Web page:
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Ondedw kindreds ten percent of the total population were led by high-ranking men who possessed dw'dw' , supernatural "power" that contributed to their success as great warriors and owners of tribal or personal medicine bundles. Solidarity within ondedw kindreds was achieved by recruiting kwwn "poor" families that needed protection and the advantages of cooperative hunting. Next were Ondegupa , or "second rank" kindreds thirty to fifty percent represented by lesser-ranked leaders, and below them were the kwwn ten to fifty percent , the dapom , "bums," or "no-accounts," and the go.

Sharp contrasts between rich and poor characterized Kiowa society, but social mobility was occasionally achieved through the accumulation of war honors.

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In the mid-nineteenth century each of the ten to twenty kindreds was led by a "main chief," or dopadok'i , a term related to topadoga, "band"; the kindreds are not to be confused with the five Kiowa "bands" or "subtribes" of the coalesced sun dance circle. Average band size ranged from twelve to fifty tipis, and the bands were distributed into northern and southern groups. Army officials identified the aggregated bands as "hostiles," or "out" Indians who defied reservation boundaries to raid south into Texas and northern Mexico. After the Red River War and the cessation of Indian-white warfare in the southwestern plains, Kiowa band leaders were relegated to "beef chiefs" who oversaw the distribution of beef annuities to the remnant bands scattered north of the Wichita Mountains.

In the Kiowa, Comanche, and Apache began leasing reservation pasturage to Texas cattlemen for "grass money," though ironically, forced allotment resulted in smaller per capita payments after Before World War II the largely rural Kiowa peoples lived in poverty as a result of federal Indian policies that fostered dependency.

Nineteenth-century Kiowa religious beliefs centered around the animistic beings who represented in various degrees the animatistic, orenda-like power force dw'dw' that permeated the universe and became manifest in natural phenomena thunder, lightning, whirlwind, the four directional winds and in birds and animals. In accordance with Kiowa hierarchy, spirit beings possessed varying degrees of dw'dw' transferable to humans through the vision quest.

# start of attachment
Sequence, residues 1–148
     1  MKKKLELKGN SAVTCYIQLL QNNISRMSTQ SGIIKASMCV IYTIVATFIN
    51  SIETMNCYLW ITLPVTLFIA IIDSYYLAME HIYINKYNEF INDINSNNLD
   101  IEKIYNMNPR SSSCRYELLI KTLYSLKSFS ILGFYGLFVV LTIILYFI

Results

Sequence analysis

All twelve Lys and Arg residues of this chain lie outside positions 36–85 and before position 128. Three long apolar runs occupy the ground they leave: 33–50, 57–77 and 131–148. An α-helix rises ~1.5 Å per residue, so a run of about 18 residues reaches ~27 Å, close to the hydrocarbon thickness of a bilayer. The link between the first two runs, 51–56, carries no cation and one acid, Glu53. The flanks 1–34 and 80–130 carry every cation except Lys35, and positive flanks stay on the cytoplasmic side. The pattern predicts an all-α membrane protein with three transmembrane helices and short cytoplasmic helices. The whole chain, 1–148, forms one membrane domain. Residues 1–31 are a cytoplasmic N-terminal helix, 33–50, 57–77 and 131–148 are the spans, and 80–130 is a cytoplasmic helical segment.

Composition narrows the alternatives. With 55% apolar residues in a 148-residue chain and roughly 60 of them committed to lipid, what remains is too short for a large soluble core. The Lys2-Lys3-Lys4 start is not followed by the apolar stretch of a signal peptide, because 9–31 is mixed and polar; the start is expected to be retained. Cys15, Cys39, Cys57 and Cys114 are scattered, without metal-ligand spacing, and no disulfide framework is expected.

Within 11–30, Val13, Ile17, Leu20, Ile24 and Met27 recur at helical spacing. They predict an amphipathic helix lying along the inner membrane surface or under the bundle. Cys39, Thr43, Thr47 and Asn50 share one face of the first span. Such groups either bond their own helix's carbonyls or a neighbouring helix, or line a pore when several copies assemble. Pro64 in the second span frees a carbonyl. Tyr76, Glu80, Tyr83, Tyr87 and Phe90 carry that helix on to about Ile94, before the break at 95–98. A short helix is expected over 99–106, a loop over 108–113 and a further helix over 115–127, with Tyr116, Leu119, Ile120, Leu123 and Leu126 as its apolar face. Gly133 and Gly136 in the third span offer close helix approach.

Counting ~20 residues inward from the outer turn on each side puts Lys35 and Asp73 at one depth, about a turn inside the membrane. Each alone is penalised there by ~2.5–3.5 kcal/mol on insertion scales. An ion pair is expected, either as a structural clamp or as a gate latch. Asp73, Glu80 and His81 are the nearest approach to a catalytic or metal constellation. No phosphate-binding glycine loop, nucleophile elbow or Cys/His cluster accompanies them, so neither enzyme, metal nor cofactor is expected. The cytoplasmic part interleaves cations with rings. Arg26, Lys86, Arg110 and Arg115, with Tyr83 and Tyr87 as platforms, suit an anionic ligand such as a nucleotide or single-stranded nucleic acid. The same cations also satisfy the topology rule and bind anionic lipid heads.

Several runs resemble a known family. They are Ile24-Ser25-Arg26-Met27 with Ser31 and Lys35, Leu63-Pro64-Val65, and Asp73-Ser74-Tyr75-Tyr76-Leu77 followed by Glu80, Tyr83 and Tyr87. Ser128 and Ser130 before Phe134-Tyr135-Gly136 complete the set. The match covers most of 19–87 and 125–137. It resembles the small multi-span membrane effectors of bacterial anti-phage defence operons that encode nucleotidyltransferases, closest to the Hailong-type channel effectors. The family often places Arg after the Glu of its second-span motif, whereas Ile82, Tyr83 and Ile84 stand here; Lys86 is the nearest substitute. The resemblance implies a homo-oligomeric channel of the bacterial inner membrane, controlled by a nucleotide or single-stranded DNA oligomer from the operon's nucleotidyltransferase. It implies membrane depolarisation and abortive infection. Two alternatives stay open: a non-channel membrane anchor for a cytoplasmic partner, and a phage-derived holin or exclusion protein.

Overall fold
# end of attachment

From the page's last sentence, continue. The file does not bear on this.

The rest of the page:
The ten nineteenth-century keepers maintained Kiowa spiritual integrity and negotiated conflict resolution; today, gifts and prayers are still offered to the sacred bundles. Large portions of north central and northwest Kansas formerly were included in the territory of the Pawnee. While claiming extensive areas of Kansas, the valley of the Platte River, Nebraska is the heart of Pawnee land.

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Historically powerful in terms of numbers and voracity, the Pawnee nonetheless suffered terribly from diseases introduced by the swelling white population. Especially severe was the cholera epidemic of , which reduced nearly all the Plains tribes, in some cases by two-thirds their former size. The Pawnee traditionally maintained tribal cohesion by two key means: intricate ceremonies and an influential tribal council. The Pawnee conducted tribally orchestrated buffalo hunts and were also successful growers of corn, pumpkins and beans, corn being a sacred crop with them.

Pawnee arts included basketry, pottery and weaving. Their homes were an earth lodge constructed with painstaking care and exquisite attention to religious meaning. The Pawnee are exceptional for their well developed and cogent sacred ceremonies. Linguistically they are related to the Osage and Quapaw, from whom they separated during migrations along the Missouri River.

The Kansa continued their travels along the Kansas River, intermittently building and abandoning settlements, until finally settling at Council Grove, Kansas. Their experiences in Kansas include fierce warfare with the Cheyenne, Pawnee and Sauk as well as with the Kiowa, Comanche and others. By treaty in , they ceded two million acres of their reservation to the United States and a new reservation was established for them at Council Grove, along the Neosho River. There, Methodist followed by Quaker missionaries worked among them with a successful conversion tally of one person, according to a teacher who lived with the Kansa from to Of more immediate interest to the Kansa were the whites who were overrunning their reservation.